Langer and her students’ experiments will offer you lots to reconsider that may change how you think which may impact your health more positively. 

Counter clockwise tests many of our assumptions about healthfulness and reading it would be a very healthy choice. 

A diabetes fable


Once upon a time a scientist who was enthralled with the exotic emperor moth, (because their wings are as beautiful as butterflies), found a caterpillar ready to spin its cocoon. He gently cupped the caterpillar and took it back to his laboratory. He placed the caterpillar in a glass container and watched as the caterpillar built his cocoon. The caterpillar then fell into a deep sleep. Soon this fuzzy little crawling caterpillar would become an amazingly exotic emperor moth floating in the sky.

Some months later the day came when the moth was ready to leave the cocoon. The scientist watched anxiously as the new tiny head of the moth chewed its way into the light of the laboratory. The moth struggled and struggled to escape its cocoon seemingly getting nowhere. Its body was simply too large to fit through the tiny hole it had made. The moth finally tired and laid its small head on the shell of the cocoon where it had poked out.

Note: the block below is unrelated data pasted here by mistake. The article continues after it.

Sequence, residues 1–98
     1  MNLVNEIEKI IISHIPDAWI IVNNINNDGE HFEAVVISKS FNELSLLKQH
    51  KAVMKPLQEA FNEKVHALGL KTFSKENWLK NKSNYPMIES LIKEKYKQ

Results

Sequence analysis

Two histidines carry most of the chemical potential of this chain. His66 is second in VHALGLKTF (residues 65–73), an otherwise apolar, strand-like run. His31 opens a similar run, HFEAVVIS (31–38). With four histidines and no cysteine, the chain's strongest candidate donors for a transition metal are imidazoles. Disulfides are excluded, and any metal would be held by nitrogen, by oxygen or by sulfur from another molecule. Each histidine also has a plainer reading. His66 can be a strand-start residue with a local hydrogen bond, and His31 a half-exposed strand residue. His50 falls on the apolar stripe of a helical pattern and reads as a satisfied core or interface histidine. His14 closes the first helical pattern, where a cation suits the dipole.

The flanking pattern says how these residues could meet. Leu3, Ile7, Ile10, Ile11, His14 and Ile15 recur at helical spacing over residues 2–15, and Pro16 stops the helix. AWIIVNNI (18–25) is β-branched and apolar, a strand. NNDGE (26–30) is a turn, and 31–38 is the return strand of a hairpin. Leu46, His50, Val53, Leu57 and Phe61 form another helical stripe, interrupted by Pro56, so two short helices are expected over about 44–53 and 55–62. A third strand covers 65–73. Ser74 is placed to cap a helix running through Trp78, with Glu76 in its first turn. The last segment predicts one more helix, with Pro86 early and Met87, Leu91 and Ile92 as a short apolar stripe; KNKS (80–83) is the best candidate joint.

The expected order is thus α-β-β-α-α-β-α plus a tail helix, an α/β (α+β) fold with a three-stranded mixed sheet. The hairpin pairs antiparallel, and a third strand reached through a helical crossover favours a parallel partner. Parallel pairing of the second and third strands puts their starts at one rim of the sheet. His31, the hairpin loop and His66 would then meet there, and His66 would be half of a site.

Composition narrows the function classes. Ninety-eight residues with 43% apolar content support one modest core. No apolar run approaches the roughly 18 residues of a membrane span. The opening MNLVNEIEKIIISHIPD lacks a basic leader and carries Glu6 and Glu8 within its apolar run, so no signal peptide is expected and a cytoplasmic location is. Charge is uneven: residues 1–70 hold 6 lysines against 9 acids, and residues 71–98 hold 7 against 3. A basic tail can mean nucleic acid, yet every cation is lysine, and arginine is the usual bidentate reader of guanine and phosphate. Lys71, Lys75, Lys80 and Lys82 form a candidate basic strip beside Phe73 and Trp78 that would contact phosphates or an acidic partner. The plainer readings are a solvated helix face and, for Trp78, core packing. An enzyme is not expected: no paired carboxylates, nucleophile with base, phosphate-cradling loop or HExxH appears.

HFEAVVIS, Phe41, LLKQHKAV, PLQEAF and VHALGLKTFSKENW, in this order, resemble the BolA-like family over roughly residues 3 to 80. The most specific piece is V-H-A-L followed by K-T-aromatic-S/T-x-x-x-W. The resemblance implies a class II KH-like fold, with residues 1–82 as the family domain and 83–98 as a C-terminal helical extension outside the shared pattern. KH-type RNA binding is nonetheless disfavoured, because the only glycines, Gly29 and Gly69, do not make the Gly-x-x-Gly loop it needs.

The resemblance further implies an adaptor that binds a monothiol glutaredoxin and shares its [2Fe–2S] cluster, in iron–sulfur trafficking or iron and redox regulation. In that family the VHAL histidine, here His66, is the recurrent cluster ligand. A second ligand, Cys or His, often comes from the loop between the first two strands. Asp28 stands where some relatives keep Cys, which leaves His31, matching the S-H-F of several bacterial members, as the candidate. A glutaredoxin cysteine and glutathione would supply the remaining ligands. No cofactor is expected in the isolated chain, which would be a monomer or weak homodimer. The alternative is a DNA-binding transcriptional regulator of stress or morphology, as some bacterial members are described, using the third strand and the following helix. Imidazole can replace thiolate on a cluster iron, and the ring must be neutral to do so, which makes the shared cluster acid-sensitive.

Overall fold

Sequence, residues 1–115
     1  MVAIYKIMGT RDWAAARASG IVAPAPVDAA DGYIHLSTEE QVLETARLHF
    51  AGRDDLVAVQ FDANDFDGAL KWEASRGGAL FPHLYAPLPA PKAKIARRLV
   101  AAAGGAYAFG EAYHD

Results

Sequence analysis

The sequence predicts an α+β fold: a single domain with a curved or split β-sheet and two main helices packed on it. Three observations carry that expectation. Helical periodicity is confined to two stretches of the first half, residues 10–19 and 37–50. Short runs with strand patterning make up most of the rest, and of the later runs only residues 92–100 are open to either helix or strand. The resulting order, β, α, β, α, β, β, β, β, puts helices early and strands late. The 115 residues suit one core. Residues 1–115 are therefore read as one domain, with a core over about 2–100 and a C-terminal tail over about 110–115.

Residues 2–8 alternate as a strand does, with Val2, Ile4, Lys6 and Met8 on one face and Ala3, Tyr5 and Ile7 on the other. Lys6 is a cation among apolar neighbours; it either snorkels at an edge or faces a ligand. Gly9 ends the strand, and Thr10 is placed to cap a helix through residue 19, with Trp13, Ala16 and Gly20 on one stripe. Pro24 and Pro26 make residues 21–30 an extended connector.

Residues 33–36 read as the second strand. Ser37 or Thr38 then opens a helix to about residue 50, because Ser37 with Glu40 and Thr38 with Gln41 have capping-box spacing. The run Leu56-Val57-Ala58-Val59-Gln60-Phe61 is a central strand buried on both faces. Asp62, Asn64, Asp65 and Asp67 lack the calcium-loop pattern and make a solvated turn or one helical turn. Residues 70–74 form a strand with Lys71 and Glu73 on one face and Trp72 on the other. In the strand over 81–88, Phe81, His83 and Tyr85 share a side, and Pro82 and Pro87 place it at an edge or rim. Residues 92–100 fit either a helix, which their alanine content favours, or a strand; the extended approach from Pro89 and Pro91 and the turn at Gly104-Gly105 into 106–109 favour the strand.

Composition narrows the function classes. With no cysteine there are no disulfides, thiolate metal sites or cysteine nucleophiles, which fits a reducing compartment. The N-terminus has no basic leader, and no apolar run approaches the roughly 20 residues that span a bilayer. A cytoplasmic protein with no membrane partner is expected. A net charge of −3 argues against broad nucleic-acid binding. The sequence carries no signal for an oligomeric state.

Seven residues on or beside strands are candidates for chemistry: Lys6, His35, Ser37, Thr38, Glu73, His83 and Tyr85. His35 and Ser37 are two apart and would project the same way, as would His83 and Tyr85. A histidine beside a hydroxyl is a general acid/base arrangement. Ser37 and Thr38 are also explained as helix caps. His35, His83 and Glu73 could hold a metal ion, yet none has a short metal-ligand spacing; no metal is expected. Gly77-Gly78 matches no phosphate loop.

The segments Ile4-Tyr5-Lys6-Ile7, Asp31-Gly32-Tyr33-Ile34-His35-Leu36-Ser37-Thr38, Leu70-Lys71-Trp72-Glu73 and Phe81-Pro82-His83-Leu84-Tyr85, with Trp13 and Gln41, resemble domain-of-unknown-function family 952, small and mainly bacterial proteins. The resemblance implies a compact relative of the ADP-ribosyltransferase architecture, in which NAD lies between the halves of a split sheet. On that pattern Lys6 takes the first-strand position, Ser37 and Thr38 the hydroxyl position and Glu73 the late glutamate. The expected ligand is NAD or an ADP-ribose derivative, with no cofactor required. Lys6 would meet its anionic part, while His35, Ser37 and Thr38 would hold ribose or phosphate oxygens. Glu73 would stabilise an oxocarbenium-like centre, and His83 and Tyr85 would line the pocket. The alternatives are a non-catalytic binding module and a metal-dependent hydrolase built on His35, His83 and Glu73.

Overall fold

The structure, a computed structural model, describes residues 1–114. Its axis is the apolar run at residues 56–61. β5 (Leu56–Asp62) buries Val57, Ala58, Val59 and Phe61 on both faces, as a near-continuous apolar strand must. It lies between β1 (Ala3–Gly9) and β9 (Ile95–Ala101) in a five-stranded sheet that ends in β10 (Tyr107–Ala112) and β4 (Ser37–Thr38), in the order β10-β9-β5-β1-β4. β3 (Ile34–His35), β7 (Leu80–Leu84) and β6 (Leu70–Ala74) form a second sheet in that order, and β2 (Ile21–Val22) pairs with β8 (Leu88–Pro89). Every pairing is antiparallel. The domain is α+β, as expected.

The scientist felt so badly he took it upon himself to help the tiny creature. “How could I stand here for so many hours watching this beautiful moth go through such agony and pain?” he questioned. “Where is my mercy?” So he took a pair of tweezers and his scissors and began to cut away the cocoon. As soon as the cocoon was opened, the moth fell from the cocoon. But he did not fall upwards into the sky. No, he was badly deformed and fell on the floor where he died within minutes.